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, 8 (5), 447-458

Endogenously Increased n-3 PUFA Levels in fat-1 Transgenic Mice Do Not Protect From Non-Alcoholic Steatohepatitis

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Endogenously Increased n-3 PUFA Levels in fat-1 Transgenic Mice Do Not Protect From Non-Alcoholic Steatohepatitis

Marie Liebig et al. Hepatobiliary Surg Nutr.

Abstract

Background: Non-alcoholic fatty liver disease (NAFLD) is the most common chronic liver disease worldwide, ranging from simple steatosis to non-alcoholic steatohepatitis (NASH) and fibrosis. Possible reasons for the NAFLD epidemic in industrialized countries are the high intake of pro-inflammatory n-6 polyunsaturated fatty acids (n-6 PUFAs) and low consumption of healthy n-3 PUFAs. Due to their anti-inflammatory properties, n-3 PUFAs may have the potential to alleviate chronic liver disease. Herein, we examined the therapeutic effect of increased n-3 PUFA tissue levels in fat-1 transgenic mice on progressive NASH.

Methods: Disease was induced in mice by streptozotocin and high fat diet (STZ/HFD) resulting in NASH. NAFLD in 6 and 8 weeks old wild type and fat-1 transgenic STZ/HFD treated mice was analyzed. Unlike all other mammals, fat-1 transgenic mice ubiquitously express an n-3 fatty acid desaturase, which converts n-6 to n-3 PUFAs, leading to increased n-3 and decreased n-6 PUFA tissue contents.

Results: Liver damage, NAFLD activity score (NAS), hepatic lipid accumulation and inflammation were significantly reduced in fat-1 transgenic STZ/HFD treated mice in the early (6 weeks) but not late (8 weeks) phase of NASH. Simultaneously, mRNA expression of genes involved in fatty acid uptake and storage (Cd36 and Plin3, respectively) was significantly down-regulated in 6 week old but not 8 week old fat-1 transgenic STZ/HFD treated mice.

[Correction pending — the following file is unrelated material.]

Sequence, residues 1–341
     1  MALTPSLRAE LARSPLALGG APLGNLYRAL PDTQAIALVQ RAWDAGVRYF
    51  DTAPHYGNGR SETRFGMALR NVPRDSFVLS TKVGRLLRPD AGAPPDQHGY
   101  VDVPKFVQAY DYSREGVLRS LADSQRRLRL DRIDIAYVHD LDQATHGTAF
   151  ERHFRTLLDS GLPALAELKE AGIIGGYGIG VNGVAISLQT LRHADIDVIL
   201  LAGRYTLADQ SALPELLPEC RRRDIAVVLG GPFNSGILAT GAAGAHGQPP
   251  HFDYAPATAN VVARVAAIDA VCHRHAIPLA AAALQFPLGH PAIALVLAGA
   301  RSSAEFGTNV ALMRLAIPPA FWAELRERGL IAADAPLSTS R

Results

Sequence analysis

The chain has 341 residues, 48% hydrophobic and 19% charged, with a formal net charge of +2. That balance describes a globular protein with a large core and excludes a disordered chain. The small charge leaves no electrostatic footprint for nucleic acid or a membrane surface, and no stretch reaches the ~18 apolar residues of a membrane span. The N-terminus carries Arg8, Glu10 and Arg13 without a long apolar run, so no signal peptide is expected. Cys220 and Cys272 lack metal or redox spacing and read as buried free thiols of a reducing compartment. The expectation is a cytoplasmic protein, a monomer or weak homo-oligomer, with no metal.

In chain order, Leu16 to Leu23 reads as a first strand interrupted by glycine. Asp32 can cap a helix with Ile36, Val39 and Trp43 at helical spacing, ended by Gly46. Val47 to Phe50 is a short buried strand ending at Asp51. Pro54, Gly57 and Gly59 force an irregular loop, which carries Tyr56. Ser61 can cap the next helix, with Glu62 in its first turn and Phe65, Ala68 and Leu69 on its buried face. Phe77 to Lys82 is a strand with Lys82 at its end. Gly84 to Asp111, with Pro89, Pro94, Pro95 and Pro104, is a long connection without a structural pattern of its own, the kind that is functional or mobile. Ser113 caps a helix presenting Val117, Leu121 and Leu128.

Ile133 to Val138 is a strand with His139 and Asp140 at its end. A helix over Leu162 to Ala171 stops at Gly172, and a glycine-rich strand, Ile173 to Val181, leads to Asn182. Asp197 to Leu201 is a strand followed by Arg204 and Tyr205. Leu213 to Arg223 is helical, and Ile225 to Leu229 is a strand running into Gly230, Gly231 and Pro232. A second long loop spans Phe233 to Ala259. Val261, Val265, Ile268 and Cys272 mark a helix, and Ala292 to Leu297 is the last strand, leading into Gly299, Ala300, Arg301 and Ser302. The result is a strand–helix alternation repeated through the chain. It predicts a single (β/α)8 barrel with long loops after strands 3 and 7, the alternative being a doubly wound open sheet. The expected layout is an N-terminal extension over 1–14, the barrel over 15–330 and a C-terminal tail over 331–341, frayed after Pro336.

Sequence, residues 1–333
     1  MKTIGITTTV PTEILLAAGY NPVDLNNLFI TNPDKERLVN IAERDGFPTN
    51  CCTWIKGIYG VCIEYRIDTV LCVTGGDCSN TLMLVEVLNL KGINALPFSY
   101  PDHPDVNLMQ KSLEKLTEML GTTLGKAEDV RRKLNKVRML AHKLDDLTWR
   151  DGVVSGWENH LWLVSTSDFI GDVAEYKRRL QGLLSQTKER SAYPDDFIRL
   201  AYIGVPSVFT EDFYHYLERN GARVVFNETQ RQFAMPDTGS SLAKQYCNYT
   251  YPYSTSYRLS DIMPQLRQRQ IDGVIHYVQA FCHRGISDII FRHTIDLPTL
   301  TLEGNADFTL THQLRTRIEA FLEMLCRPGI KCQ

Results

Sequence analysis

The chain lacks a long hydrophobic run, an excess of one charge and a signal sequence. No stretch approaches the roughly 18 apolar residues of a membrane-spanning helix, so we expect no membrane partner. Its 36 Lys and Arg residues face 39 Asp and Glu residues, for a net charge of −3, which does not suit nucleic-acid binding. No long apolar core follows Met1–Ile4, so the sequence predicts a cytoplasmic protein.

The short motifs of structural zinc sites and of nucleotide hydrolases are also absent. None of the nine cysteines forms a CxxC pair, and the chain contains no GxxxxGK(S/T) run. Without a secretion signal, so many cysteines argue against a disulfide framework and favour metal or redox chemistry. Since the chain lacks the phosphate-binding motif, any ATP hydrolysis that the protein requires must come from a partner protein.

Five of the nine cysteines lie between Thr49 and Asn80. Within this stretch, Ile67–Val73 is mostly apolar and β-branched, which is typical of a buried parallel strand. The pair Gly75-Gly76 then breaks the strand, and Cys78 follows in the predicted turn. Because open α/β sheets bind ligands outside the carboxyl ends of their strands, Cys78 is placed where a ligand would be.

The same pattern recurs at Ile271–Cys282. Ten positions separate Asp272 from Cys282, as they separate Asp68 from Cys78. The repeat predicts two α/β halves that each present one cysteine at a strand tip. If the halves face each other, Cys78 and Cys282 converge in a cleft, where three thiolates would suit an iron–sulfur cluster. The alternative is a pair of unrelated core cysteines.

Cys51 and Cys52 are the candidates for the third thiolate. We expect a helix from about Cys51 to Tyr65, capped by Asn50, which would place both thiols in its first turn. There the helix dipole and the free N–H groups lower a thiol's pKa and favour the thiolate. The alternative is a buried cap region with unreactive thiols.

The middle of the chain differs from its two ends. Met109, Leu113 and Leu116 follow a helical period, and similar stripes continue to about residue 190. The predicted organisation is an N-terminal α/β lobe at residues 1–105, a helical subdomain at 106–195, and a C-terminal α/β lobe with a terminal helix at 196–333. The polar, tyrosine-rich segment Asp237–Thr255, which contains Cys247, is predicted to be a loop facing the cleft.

Conclusions: Endogenously elevated n-3 PUFA levels in fat-1 transgenic mice transiently delay the onset of STZ/HFD induced NASH but failed to efficiently protect from NASH development.

Keywords: Non-alcoholic fatty liver disease (NAFLD); fat-1; n-6/n-3; non-alcoholic steatohepatitis (NASH); steatosis.

Conflict of interest statement

Conflicts of Interest: The authors have no conflicts of interest to declare.

Figures

Figure 1
Figure 1
Representative images of livers of 6 and 8 weeks old STZ/HFD treated wt and fat-1 mice (A) and analysis of liver weight/body weight index (B), plasma activity of GLDH (C) and ALT (D) as well as plasma content of triglycerides (E), free fatty acids (F) and total cholesterol (G) of 6 and 8 week old STZ/HFD treated wt and fat-1 mice. Values are presented as mean ± SD. Group differences were tested by t-test within each time point. *P<0.05, **P<0.01, n=7–14.
Figure 2
Figure 2
NAFLD activity score (A) and its subscores for steatosis (B), inflammation (C) and ballooning (D) of 6 and 8 week old STZ/HFD treated wt and fat-1 mice. Values are presented as mean ± SD. Group differences were tested by t-test within each time point. **P<0.01, ***P<0.001, n=10–14 per group.
Figure 3
Figure 3
Quantitative analysis of Oil Red O (A), CAE (B) and F4/80 (C) stained liver sections of 6 and 8 week old STZ/HFD treated wt and fat-1 mice. Values are presented as mean ± SD. Group differences were tested by t-test within each time point. *P<0.05, **P<0.01, n=9–14 per group. (D) Representative photomicrographs of Oil Red O (left panel) and CAE (right panel) stained liver sections of 6 and 8 week old STZ/HFD treated wt and fat-1 mice. The scale bars mark 100 µm (Oil Red O) and 50 µm (CAE), respectively. CAE positive cells are marked by arrowheads.
Figure 4
Figure 4
mRNA expression of Fatp2 (A), Fatp5 (B), Fabp1 (C), Cd36 (D), Pparg (E), Plin2 (F), Plin3 (G) and Plin5 (H) relative to Rps18 in liver tissue of 6 and 8 week old STZ/HFD treated wt and fat-1 mice. Values are presented as mean ± SD. Group differences were tested by t-test within each time point, *P<0.05, **P<0.01. n=5–6 per group.

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